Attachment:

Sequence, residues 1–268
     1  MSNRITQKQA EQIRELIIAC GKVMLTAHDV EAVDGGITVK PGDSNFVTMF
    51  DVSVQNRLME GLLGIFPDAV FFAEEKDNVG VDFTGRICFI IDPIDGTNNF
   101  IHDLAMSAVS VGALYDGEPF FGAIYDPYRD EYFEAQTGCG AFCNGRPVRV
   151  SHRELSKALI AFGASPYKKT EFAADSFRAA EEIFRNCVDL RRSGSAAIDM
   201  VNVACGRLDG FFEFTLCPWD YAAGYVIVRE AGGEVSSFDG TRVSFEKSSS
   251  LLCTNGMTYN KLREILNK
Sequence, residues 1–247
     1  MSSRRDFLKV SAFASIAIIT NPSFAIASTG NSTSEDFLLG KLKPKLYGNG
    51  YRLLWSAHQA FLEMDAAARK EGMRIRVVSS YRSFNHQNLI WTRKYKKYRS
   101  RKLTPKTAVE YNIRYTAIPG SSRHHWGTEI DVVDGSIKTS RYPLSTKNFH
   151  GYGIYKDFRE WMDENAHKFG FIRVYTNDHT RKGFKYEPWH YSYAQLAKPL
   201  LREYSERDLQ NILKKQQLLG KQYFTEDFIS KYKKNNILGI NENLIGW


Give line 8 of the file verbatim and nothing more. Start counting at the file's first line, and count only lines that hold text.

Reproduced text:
Sequence, residues 1–247